SAN Solution- what the heck am I looking for??
February 5, 2013 11:40 AM   Subscribe

What options and features or solutions should we be looking for in a SAN solution that will need to last 7-10 years.

We're looking to virtualize (VMware of Hyper V, not sure which yet) our old servers this summer and hosting the VMs on a SAN, along with transitioning all of our user Homes & Shares to the SAN. I've been talking to a few companies and realized a small problem: I have no idea what to even ask or which features I should be looking for in a reliable SAN, or options that 3 years from now I'll be kicking myself for not looking at now. Or recommandations for solutions to look at myself on the side. Of course, all the companies say *their* solution is Epic, but I've learned to be skeptical and I am not partial to any one company.

Basically, we'll have about 10 servers (mix of OSX, Windows Linux) feeding off the SAN with about 500 users (95% OSX, 5% Windows- their home folders all use a Mac Pro Server, which is rapidly running out of space. *sigh* Xsan).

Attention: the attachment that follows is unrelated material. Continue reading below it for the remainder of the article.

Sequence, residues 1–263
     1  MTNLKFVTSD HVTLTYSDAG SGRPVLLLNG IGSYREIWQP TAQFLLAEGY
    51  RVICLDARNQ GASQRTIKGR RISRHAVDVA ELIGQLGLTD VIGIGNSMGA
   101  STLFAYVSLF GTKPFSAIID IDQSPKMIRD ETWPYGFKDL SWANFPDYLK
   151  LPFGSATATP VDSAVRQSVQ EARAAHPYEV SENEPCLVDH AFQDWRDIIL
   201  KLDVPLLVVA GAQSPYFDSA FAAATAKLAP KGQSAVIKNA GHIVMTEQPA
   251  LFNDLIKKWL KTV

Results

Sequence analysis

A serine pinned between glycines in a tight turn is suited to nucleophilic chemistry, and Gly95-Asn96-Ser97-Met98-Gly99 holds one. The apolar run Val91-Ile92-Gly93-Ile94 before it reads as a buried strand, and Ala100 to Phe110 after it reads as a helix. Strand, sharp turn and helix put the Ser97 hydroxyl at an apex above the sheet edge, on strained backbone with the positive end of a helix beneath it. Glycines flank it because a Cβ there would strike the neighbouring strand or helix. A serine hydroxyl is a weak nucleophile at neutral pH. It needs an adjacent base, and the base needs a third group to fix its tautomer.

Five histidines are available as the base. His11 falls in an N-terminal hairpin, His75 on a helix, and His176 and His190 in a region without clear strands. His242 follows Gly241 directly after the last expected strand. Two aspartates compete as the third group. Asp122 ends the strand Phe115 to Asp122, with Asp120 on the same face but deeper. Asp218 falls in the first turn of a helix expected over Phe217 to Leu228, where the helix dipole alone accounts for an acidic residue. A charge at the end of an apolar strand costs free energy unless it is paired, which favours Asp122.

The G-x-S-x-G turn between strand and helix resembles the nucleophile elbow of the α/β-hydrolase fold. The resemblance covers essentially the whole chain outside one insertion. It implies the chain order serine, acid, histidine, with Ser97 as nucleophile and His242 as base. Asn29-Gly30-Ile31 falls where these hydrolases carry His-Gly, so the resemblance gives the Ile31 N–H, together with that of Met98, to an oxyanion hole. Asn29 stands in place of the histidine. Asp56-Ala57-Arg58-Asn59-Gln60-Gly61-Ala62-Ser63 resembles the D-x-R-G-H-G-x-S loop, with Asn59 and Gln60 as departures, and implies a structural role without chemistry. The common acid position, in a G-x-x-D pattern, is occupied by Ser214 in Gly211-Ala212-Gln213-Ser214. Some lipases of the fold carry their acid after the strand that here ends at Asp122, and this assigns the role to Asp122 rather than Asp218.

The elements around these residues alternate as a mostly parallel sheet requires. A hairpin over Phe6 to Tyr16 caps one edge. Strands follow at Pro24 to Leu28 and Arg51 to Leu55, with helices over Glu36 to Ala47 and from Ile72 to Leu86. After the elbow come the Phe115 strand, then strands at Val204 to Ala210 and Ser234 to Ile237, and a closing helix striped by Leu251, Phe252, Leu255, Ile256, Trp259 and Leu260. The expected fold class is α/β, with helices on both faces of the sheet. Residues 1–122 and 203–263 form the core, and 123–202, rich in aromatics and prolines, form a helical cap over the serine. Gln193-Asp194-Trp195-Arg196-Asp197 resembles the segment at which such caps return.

Of course, cost is a concern, but I've also convinced TPTB that based off our experience in IT purchasing, choosing a solution that maybe costs some extra money now is worth the cost of eliminating headaches due to choosing an inferior product today.
posted by jmd82 to Computers & Internet (12 answers total) 1 user marked this as a favorite
Do you understand the difference between SAN and NAS? Because, typically, things like Home directories and Shares are stored on a NAS, not a SAN. It's also possible to host VMs on a NAS, and that MIGHT be the right solution for you, in that it's easier to understand, easier to engineer, has much less equipment to buy, and gives you a easier migration path in the future.
posted by 1970s Antihero at 12:27 PM on February 5, 2013

The plan is to connect the SAN to our Mac Server as virtual space and allocate more space that way.
posted by jmd82 at 12:44 PM on February 5, 2013

I'm confused as to what you are trying to do. First you mention VMWare and running VMs on a SAN, then you want to "connect the SAN" to a "Mac Server". I have no experience with the latter but we run an array of Dell Servers with vsphere 5 and a DELL Equalogic PS6110xs (iSCSI 10Gb, mix of SAS and SSDs with intelligent tiering). The servers run on ESXi 5 and each host about 10-15 virtual servers (Linux and Windows 2008). The SAN is only exposed to the guest OS by virtual disks which allows us to migrate virtual machines on the fly from host to host and provides fault tolerance. If a vm host fails we just restart the virtual machine on another host. With VMWare HA you can even automate the fault tolerance to a certain degree, given enough host resources.